FIG. 2 is a block diagram of a search and rescue transmitter (ground transmitter) for use with the SARSAT satellite system, that employees the novel RF circuit. The RF circuit 38 generates a carrier at 406.025 MHz. The RF circuit operates similar to that discussed above with the voltage controlled SAW oscillator (VCSO) 40 providing the RF carrier output 42. A portion of the RF carrier output 42 is fed back to a prescaler 44 that provides a first frequency division function. This is necessary for two reasons: (1) because the rest of the phase lock loop control circuit is in CMOS integrated circuits that operate at lower frequencies; and, (2) to assist the frequency divide circuits in the PLL controller 46 to fine tune the frequency selections (i.e., this allows more flexibility in programming the division numbers since the prescaler 44 can shift between two division numbers under the control of the PLL controller 46). Output from prescaler 44 and reference oscillator 48 are inputted to the PLL Controller 46. The PLL Controller contains two frequency dividers and a phase comparator that operates similar to those shown in FIG. 1. The divide ratio number are stored in RAM 50 or down loaded by a microprocessor stored in the transmitter (not shown). The PLL Controller 46 provides a D.C. control signal 42 that inputs first to the loop filter 54 and then to the VCSO 40. In operation, the D.C. control signal is adjusted by the phase lock loop so that a stable RF carrier is outputted from the VCSO 40.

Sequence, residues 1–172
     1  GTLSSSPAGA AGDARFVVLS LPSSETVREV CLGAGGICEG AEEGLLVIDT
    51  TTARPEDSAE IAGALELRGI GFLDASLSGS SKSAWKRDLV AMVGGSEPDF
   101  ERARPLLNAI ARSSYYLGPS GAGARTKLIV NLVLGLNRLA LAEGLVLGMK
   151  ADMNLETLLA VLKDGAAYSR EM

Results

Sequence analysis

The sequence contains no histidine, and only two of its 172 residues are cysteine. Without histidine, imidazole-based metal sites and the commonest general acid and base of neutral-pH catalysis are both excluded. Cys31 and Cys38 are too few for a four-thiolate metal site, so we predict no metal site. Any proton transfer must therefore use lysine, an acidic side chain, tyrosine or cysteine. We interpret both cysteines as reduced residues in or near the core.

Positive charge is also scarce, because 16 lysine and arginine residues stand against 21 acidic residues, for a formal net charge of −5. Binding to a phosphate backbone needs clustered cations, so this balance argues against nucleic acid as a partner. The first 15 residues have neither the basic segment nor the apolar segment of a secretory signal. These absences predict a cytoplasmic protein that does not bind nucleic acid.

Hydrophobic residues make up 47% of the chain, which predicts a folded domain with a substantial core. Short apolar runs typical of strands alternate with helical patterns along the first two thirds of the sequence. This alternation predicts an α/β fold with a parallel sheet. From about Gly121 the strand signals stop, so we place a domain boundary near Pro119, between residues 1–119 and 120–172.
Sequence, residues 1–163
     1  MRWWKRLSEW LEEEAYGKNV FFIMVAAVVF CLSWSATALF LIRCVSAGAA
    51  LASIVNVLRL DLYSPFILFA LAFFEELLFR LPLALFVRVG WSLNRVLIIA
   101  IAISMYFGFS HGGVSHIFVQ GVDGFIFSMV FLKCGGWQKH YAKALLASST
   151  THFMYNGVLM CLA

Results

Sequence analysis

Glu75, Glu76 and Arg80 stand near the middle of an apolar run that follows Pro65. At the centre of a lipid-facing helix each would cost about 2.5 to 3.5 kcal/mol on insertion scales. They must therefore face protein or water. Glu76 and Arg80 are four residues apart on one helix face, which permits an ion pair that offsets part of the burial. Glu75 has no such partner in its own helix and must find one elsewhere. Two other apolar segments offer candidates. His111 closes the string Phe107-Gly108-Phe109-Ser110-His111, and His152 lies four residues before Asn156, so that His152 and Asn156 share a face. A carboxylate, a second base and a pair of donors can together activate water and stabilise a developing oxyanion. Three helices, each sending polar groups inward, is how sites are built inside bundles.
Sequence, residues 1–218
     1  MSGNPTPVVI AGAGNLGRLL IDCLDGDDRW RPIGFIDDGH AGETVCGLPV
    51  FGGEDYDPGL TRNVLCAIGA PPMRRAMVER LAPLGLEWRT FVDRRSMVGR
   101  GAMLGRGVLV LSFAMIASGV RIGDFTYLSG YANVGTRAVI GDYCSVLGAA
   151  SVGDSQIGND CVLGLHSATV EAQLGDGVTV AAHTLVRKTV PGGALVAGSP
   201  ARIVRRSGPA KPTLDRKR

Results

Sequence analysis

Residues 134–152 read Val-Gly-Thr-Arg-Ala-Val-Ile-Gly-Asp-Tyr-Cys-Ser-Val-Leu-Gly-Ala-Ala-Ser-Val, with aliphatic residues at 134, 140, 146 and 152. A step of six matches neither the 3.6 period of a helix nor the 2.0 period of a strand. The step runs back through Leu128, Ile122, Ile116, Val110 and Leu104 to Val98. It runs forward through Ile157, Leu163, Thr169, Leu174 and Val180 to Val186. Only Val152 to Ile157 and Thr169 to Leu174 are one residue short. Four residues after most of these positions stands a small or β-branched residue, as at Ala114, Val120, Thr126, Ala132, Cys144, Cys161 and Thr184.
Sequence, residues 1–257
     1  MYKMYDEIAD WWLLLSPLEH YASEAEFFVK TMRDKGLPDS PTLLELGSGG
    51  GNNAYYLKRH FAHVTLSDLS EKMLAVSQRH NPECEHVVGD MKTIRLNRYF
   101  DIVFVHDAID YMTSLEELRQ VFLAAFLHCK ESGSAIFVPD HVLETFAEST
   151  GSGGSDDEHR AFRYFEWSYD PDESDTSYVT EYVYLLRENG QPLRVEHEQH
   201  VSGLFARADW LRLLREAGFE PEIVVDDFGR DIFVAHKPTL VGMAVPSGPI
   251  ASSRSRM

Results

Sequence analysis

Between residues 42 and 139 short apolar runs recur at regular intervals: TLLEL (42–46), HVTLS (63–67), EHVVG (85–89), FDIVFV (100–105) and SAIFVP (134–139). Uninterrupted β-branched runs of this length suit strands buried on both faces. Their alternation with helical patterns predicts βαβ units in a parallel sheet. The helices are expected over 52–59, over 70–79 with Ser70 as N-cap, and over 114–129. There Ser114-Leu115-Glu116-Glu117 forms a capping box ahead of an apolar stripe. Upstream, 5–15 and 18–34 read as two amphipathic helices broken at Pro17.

It is to be understood that the invented RF circuit can be implemented with discrete components, integrated circuits, and/or one or more custom chips. It is further to be understood that a variety of reference oscillators can be used with the RF circuit and that the RF circuit has broad applications and is not limited to the search and rescue environment. Obviously, many modifications and variations of the present invention are possible in light of the above teachings. It is, therefore, to be understood that within the scope of the appended claims the invention may be practiced otherwise when specifically described.
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|U.S. Classification||331/16, 331/25, 331/176|
|Oct 20, 1988||AS||Assignment|
Owner name: JOHNS HOPKINS UNIVERSITY, THE, BALTIMORE, MARYLAND
Free format text: ASSIGNMENT OF ASSIGNORS INTEREST.;ASSIGNORS:COSTLOW, RAYMOND J.;BATES, ALVIN G.;REEL/FRAME:004974/0681
Effective date: 19881013
Owner name: JOHNS HOPKINS UNIVERSITY, THE, A CORP. OF MD, MARY
Free format text: ASSIGNMENT OF ASSIGNORS INTEREST;ASSIGNORS:COSTLOW, RAYMOND J.;BATES, ALVIN G.;REEL/FRAME:004974/0681
Effective date: 19881013
|Mar 9, 1993||FPAY||Fee payment|
Year of fee payment: 4
|Apr 29, 1997||REMI||Maintenance fee reminder mailed|
|Sep 21, 1997||LAPS||Lapse for failure to pay maintenance fees|
|Dec 2, 1997||FP||Expired due to failure to pay maintenance fee|
Effective date: 19970924